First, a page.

About 45% of their loans have a first lien senior secured position to company assets and another 25% are first lien loans within the GE Capital SSLP joint venture (again, where ARCC sits behind GE in exchange for the higher 15% yield on 7%-to-8% loans). To this, there is another nearly 20% in second lien position loans. The small balance of around 10% of total investments is represented by senior subordinated debt, preferred stock and equity securities.
ARCC has recently described its loan book accrual status. As of the end of 2013, loans in non-accrual status represented 2.1% of their total investments, valued at fair value. On this same measure, this was 0.6% as of the end of 2012. More recently, their first and second quarter 2014 Qs indicated that non-accrual loans represent 1.9% and 1.2% of loans, respectively.
They highlight their loan selectivity by stating that their acceptance rate is about 7% to 10% of all investment reviewed. Of this, their formal commitment process winnows it down further to about 5% to 7% of all investments reviewed.
They also describe their credit risk monitoring system on a scale of 1 to 4. A loan at its initial funding date gets a rating of a 3. Today, their portfolio ranking system shows a 3.1 aggregate average rating, a slight improvement from the 3.0 rating as of the end of 2013.
ARCC’s Fee Arrangements with Ares:
ARCC pays Ares Capital Management in three primary ways.
Base fee: ARCC pays a 1.5% “base” management fee to Ares Capital Management, the investment adviser wholly owned by Ares Management.
Pre-incentive net investment income fee: ARCC pays 100% of the net investment income between 1.75% and 2.1875% and, once that band is exceeded, they get 20% of any net income above that 2.1875%. Net investment income is calculated before taking into consideration incentive fees to Ares Capital Management, thus the name, pre-incentive net investment income.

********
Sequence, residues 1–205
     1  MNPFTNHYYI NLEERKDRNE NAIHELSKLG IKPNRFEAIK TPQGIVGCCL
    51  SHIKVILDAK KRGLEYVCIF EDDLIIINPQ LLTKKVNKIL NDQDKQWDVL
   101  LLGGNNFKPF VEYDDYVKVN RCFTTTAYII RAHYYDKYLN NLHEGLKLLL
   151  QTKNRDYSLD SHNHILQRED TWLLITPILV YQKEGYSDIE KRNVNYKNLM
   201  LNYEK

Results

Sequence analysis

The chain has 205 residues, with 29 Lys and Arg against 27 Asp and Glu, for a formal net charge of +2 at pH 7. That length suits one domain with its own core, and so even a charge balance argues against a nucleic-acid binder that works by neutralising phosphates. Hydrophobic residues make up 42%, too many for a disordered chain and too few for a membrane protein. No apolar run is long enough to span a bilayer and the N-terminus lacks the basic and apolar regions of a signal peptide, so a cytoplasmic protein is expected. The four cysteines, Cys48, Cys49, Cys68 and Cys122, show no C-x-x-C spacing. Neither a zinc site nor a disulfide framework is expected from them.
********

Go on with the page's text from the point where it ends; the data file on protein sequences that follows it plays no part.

Capital gains fee: ARCC pays out 20% of realized capital gains.
Roughly-speaking, ARCC’s payments to their investment adviser, Ares Capital Management, makes up about 50%-55% of their overall expenses. The other 37%-40% is simply interest expense on their debt funding and about 8%-10% is made up of various operating costs.
ARCC’s Joint Venture with GE Capital (SSLP):
As I see it, their partnership GE Capital in the SSLP program makes ARCC a bit unique and helps support their high yield. Basically, it allows for partial mitigation of the income and capital gains that are naturally diverted to Ares Capital Management in return for their management services to ARCC.
The GE Capital joint venture, referred to as “The Senior Secured Loan Program” (SSLP), represents about 25% of their assets of ARCC and the program generates an oversize 33% of ARCC’s investment income. Under their arrangement, Ares provides about 20% of the capital to the SSLP vehicle and in return they receive a junior right to receive payments of about 14% to 15% of the partnership’s assets. Of their current $8 billion in total loans, ARCC has a current investment of about $1.9 billion in this SSLP joint venture with GE Capital.
Viewed at a high level, ARCC’s excess interest received from the SSLP program is about 5% to 6% greater than their normal first-lien position loans in their regular direct portfolio (14.5% versus 9%). It must be said, however, that through their “SSLP Certificate” ownership interest in SSLP, this deal structure does basically transform ARCC’s position in the partnership's first-lien loans into a pseudo second-lien position.